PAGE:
cdk for terraform tutorial with typescript folder structure after running npm run get with samplle providers

Optional Step - Using pre-build providers

It might be a bit slow to generate the code bindings for providers, which might take multiple minutes with very large schemas. Thus, terraform offers several popular providers as pre-built packages. Pre-built providers are entirely optional for performance, and you may prefer to generate the code bindings for those providers yourself. The Terraform CDK Providers page has a complete list of available pre-built providers.


You can install those providers by running one of the commands mentioned in the output of the `cdktf init` command as the ones below.

					  npm install @cdktf/provider-aws
					  npm install @cdktf/provider-google

					  npm install @cdktf/provider-azurerm
					  npm install @cdktf/provider-docker

					  npm install @cdktf/provider-github
					  npm install @cdktf/provider-null


Defining Terraform Resources to be created

Resources are the most crucial element when defining infrastructure in CDKTF applications. Each resource describes infrastructure objects, such as virtual networks, compute instances, or higher-level components such as DNS records.

Resource definitions and properties vary depending on the resource type and the provider. Therefore, you need to consult the provider’s documentation for a complete list of available resources and configuration options.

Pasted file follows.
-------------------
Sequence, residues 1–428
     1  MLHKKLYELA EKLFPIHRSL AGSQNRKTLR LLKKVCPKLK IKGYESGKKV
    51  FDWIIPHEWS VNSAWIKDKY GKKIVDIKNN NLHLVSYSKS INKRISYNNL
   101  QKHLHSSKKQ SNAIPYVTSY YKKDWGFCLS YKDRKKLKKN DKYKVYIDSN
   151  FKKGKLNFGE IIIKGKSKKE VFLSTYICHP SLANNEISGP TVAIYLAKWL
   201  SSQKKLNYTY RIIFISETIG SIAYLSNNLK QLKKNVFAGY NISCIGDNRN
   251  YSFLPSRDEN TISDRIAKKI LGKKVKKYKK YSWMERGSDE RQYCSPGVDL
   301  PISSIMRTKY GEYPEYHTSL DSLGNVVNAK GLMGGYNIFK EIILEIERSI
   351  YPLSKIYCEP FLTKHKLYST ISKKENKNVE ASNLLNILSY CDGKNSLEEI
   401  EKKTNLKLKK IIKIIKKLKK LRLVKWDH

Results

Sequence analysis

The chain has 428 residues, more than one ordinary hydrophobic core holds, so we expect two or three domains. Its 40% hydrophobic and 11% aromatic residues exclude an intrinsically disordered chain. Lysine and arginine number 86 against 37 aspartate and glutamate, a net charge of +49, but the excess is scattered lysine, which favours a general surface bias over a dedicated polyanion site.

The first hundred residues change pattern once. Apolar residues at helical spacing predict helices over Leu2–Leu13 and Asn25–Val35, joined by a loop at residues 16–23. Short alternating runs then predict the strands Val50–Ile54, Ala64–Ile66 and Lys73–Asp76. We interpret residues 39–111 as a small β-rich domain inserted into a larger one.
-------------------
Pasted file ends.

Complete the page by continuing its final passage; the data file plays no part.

We need to start coding our resources in the main.ts file, generated by the ‘cdktf init’ command.

First, we need to import and define the Providers in the beginning block of main.ts, just after the super command.

And the final main.ts should be something like below, depending on the resources you need to create.

					 new AwsProvider(this, "aws", {
      region: "us-east-1",

And the final main.ts should be something like below, depending on the resources you need to create.


					import { Construct } from "constructs";
import { App, TerraformStack } from "cdktf";
import {AwsProvider, EC2,S3Bucket,SnsTopic} from ".gen/providers/aws";

class MyStack extends TerraformStack {
  constructor(scope: Construct, name: string) {
    super(scope, name);

    // define resources here
    new AwsProvider(this, "aws", {
      region: "us-east-1",

    new EC2.Instance(this, "my-ec2-instance", {
      ami: "ami-2757f631",
      instanceType: "t2.micro",

     new S3Bucket(this, name, {
      bucket: name,
      tags: [],

    new SnsTopic(this, "Topic", {
      displayName: "my-sns-topic",


const app = new App();
new MyStack(app, "cdk-terraform-tutorial-typescript");


The source files for the  CDK Terraform Tutorial with Typescript can be accessed via the project’s github repository.



cdktf synth

  • Synthesizes Terraform code for the given app in a directory.
  • This command creates tfstate file, which will store the state of our stack and will check and diff with the infrastructure already created.
  • This command will create a folder called cdktf.out which contains all Terraform JSON configuration that was generated.
					cdktf synth 

cdktf deploy

  • Deploy and create infra in the specified provider
  • While running the above command, tfstate.lock file will be created in the current directory, as we chose to have a local backend while setting up the project.
					cdktf deploy 

cdktf destroy

  • Destroys the created stack.
					cdktf destroy 

The source files for the  CDK Terraform Tutorial with Typescript can be accessed via the project’s github repository.